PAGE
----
Mobile and Wireless: Microsoft, Not Nokia, Appears to Be Behind Lumia's Bold Colors
On Sept. 5, Nokia introduced the Lumia 920, which comes in yellow, red, gray, white and black. Nokia's flagship Windows Phone 8 smartphone, the Lumia 920, features a 4.5-inch PureMotion HD+ WXGA LCD display, advanced camera technologies, a City Lens app that complements Nokia's suite of mapping software and up to 10 hours of talk time.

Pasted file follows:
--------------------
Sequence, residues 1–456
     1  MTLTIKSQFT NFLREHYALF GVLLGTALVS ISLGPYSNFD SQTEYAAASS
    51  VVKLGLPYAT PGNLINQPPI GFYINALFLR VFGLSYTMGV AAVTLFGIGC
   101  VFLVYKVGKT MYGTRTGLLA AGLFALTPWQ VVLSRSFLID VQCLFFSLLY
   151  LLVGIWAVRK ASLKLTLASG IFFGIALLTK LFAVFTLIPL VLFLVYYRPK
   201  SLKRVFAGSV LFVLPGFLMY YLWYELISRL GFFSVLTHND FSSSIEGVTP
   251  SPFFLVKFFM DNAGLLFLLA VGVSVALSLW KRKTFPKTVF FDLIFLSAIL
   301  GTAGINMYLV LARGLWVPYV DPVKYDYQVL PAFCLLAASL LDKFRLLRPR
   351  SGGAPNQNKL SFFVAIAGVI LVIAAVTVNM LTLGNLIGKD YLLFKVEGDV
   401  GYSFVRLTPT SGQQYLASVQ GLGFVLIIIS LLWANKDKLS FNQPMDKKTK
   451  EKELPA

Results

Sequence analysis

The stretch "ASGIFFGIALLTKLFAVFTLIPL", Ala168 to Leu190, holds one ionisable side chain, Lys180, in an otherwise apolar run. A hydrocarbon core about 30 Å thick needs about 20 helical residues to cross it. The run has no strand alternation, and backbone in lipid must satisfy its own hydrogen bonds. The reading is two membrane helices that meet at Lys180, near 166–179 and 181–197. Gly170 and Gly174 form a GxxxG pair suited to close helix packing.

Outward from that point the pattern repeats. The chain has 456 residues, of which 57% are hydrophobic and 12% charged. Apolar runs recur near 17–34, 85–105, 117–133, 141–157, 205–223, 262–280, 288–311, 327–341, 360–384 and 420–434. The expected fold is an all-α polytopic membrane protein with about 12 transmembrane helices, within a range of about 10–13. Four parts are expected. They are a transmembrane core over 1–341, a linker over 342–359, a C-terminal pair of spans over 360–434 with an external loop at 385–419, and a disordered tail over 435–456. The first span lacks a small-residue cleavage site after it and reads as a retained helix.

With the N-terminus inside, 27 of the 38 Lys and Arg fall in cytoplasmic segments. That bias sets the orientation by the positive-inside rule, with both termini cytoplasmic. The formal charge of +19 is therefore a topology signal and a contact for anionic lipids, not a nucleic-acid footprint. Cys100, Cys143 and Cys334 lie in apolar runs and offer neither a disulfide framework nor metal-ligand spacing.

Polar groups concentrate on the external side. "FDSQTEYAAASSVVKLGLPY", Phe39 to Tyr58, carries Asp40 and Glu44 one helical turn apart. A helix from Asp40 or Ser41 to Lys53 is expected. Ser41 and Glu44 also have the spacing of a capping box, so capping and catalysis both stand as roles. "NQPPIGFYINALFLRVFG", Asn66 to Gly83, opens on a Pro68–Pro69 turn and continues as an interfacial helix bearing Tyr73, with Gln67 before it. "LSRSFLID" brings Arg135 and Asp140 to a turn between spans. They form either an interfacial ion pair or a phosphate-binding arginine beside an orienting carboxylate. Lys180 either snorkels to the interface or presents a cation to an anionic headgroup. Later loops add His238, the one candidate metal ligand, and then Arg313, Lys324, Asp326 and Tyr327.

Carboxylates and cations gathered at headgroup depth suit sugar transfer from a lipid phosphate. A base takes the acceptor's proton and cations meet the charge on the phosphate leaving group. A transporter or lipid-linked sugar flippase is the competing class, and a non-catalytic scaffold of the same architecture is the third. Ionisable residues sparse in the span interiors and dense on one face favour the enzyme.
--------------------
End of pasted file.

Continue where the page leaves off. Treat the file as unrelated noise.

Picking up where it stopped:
Nokia, with help from Microsoft, is reimagining itself. The Finnish company that dominated the mobile phone market for more than a decade and in 2004 gave us the Communicator, among other then-impressive-looking silver and black handsets, eventually found itself no match for Apple's iPhone or Samsung's lineup of Galaxy devices. In February 2011, it gave up Symbian for Windows Phone, refreshed its ranks, and began working to re-establish itself in the minds of consumers with a brand clarity that Apple has proven brilliant at. Apple's modern, white designs became so synonymous with quality, in fact, that white even became the most popular car color in America, after a decade of a preference for silver. Apple's success, of course, is about more than good design; or rather, it is design in the broadest sense. Apple’s iPhones, and later its iPads, operate in a tightly controlled ecosystem of hardware, software, mobile content and accessories. How they work together is intrinsic to the Apple experience, and furthers the need for Microsoft and Nokia to work absolutely in sync. On Sept. 5, Nokia introduced two new Windows Phone 8 Lumia smartphones and a number of accessories that together make a strong brand statement. On Sept. 19, however, HTC introduced its own Windows Phone 8 handsets, in colors that suggest the palette is actually Microsoft's and an assertion of the operating system, not the hardware makers.